Right Kind of Wrong

Right Kind of Wrong

Why Learning to Fail Can Teach Us to Thrive


Brought to you by Penguin.

Winner of the Financial Times Business Book of the Year Award

We used to think of failure as a problem, to be avoided at all costs. Now, we're told that failure is desirable - that we must fail fast, fail often. The trouble is, both approaches fail to distinguish the good failures from the bad. As a result, we miss the opportunity to fail well.

Harvard Professor Amy Edmondson has spent four decades arguing that productive failure hold the key to lasting success. The world's leading expert on psychological safety, her research has shown that the most successful environments are those in which we can fail effectively - without our mistakes being held against us. Now, Edmondson offers a revolutionary framework to get these failures right. She outlines the three archetypes of failure - simple, complex, and intelligent - before revealing how to minimise the consequences of the bad failures and maximise the potential of the good.

Filled with vivid stories from business, pop culture and history, this revolutionary book is a rallying cry for us all to embrace our human fallibility and so learn to thrive. You will never look at failure the same way again.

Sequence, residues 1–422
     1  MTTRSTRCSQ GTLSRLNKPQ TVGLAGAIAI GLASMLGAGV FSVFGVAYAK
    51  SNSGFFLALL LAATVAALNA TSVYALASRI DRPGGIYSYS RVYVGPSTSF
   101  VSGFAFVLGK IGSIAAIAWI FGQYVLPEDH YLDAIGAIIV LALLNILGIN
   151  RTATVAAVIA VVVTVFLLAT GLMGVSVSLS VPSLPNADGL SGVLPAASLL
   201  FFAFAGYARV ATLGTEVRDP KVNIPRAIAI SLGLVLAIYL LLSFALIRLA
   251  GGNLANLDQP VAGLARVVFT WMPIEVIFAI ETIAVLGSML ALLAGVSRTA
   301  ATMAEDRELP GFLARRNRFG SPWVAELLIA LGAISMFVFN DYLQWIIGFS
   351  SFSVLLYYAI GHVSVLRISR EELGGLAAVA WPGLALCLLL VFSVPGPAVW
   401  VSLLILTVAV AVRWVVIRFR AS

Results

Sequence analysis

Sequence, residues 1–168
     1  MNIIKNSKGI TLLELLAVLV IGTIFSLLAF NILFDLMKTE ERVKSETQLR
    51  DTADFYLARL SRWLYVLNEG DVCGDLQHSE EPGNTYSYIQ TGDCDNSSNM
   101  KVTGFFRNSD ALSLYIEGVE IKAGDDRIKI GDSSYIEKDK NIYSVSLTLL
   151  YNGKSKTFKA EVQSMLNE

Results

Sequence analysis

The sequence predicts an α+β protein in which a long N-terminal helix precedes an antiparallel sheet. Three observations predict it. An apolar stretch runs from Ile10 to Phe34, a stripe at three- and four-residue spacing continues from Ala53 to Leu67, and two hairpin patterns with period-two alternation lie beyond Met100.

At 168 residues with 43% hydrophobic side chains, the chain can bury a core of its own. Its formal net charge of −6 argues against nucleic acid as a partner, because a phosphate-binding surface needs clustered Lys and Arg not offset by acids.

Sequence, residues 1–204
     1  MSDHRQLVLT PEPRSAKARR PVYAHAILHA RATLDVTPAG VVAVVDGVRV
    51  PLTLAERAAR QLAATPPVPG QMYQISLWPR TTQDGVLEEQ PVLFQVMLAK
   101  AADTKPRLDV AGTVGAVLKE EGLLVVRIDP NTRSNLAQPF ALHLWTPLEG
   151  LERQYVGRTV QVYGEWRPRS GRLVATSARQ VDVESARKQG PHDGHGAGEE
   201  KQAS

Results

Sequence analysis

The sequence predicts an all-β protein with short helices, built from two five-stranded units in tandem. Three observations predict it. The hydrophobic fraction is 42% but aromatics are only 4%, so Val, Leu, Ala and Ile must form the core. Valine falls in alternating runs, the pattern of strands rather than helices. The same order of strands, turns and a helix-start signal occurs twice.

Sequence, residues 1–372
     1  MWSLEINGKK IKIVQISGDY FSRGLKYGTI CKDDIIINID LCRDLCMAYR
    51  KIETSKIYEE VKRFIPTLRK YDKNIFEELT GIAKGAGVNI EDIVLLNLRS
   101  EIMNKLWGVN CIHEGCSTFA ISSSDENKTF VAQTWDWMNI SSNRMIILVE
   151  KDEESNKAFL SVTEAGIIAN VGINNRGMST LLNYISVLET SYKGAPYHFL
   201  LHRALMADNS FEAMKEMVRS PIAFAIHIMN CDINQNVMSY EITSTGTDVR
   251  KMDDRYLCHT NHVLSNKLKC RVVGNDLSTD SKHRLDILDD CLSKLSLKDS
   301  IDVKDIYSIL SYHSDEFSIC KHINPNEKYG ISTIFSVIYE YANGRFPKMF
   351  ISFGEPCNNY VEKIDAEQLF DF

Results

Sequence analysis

©2023 Amy Edmondson (P)2023 Penguin Audio


  • With great clarity and insight, Amy Edmondson shows us how we can make room for failure, recognizing that our emotions and personal needs are part of the solution. Right Kind of Wrong will inspire you to do your boldest work.
    Ed Catmull, co-founder of Pixar and author of CREATIVITY, INC.

About the author

Amy Edmondson

Amy Edmondson is the Novartis Professor of Leadership and Management at Harvard Business School. Renowned for her world-leading research into the concept of psychological safety, Edmondson has been named by Thinkers50 as the most influential management thinker in the world. Her work has been covered by the Wall Street Journal, New York Times, Washington Post, Financial Times, Psychology Today and Harvard Business Review, and been drawn upon by companies including Google and Microsoft. She lives in Cambridge, Massachusetts.
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